I’m writing an article about “Community” for the final volume of my company’s Encyclopedia of Sustainability. The volume is called The Future of Sustainability so I have to explain the future of community and how that relates to sustainability. I’m summing up years of reading and pondering and fretting over how these two things relate, and was remembering my brief words about community at the end of Eco Living, published in 2000, several years before I became the creator and editor of the Encyclopedia of Community (Sage 2003).

Here the section at the end of Eco Living (London: Piatkus Books) – yes, it’s written in English, not American, with English spellings!

Afterword: Getting Involved

We can change the world together, by doing things differently ourselves and pushing companies and governments to go about their business in new ways. We can make practical choices that will create stronger families and communities while enabling us to enjoy a world that is indeed threatened but is still resilient and beautiful.

Individual action isn’t everything. We need to support one another. It’s energising to get together with other people to work on a cause you care about, whether it’s getting your university to buy recycled paper or working with your council on a pedestrian scheme. The Resources section which follows will help with further information and contacts.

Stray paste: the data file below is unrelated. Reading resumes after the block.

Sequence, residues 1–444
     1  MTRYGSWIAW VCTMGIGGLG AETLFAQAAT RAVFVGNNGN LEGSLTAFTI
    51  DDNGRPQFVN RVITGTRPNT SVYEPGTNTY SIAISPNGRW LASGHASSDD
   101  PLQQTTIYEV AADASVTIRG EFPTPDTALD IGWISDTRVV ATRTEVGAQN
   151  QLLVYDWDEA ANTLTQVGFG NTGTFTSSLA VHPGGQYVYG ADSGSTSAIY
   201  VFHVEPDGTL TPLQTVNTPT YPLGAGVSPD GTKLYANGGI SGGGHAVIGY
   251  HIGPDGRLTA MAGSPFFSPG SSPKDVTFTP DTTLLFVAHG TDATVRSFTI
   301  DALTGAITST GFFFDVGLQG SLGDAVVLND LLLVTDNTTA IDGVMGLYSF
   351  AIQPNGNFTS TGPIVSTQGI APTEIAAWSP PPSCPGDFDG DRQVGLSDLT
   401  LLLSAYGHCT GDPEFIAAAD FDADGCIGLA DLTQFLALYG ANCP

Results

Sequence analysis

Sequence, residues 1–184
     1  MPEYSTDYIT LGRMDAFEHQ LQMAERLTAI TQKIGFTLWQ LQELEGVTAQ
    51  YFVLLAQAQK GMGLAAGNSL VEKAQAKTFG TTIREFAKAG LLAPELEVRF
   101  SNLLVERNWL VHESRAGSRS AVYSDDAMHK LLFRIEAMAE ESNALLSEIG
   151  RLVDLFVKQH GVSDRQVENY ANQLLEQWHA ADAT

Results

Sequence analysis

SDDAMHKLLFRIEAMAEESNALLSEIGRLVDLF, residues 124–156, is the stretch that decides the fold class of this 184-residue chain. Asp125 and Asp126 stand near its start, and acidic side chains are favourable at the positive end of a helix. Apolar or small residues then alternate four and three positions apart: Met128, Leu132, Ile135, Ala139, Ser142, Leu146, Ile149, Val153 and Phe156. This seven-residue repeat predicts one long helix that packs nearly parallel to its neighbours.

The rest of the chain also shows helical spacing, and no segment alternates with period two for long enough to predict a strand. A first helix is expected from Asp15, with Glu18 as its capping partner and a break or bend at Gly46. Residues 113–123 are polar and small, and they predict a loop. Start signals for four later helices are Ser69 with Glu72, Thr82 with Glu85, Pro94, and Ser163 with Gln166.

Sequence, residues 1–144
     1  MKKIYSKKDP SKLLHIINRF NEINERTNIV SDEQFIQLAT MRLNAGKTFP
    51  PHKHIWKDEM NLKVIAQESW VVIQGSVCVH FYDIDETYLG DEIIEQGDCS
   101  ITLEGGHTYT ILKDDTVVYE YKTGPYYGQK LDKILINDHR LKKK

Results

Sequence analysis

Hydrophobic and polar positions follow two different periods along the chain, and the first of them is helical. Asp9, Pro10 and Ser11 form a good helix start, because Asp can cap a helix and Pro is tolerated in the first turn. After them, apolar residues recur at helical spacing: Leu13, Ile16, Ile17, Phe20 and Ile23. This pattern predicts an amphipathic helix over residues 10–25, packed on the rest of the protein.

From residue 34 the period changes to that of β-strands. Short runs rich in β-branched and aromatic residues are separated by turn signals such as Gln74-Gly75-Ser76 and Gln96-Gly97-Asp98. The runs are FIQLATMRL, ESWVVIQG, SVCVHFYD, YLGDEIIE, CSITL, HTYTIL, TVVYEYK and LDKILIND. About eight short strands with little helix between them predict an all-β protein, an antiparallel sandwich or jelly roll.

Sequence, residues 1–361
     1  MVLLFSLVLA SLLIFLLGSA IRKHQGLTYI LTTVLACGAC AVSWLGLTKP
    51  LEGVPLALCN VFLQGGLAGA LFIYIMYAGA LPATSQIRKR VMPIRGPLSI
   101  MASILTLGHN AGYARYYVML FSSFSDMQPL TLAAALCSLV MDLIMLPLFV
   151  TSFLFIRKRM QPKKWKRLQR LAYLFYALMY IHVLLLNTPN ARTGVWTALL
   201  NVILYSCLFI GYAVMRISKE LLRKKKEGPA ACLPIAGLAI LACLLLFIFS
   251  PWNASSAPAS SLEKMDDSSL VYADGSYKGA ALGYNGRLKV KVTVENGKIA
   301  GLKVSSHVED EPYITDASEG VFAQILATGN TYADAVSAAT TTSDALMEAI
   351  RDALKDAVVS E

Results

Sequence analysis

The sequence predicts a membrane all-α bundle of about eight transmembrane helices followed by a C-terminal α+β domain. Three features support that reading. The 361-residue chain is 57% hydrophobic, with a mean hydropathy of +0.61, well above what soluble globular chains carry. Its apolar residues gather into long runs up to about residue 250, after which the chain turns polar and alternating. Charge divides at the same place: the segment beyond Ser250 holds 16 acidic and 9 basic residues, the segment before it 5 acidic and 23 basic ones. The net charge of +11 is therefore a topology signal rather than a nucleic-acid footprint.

One mistake made by the politically active is always campaigning against things. They can give an impression of being negative, trying to curtail other people’s freedom – or just keep them from having fun! It’s time to reframe the debate, promoting a vision of a sustainable world and sustainable values. A project to get kids walking and cycling to school, for example, is about improving health, encouraging parents and caregivers to walk with kids and breaking down the isolation created by a car-oriented culture. Here, to start you thinking about your own vision, is a short manifesto for living lightly.

Walk It

My brother Dan was in Delta Force, an

karen christensen's corona typewriter on t s eliot's desk

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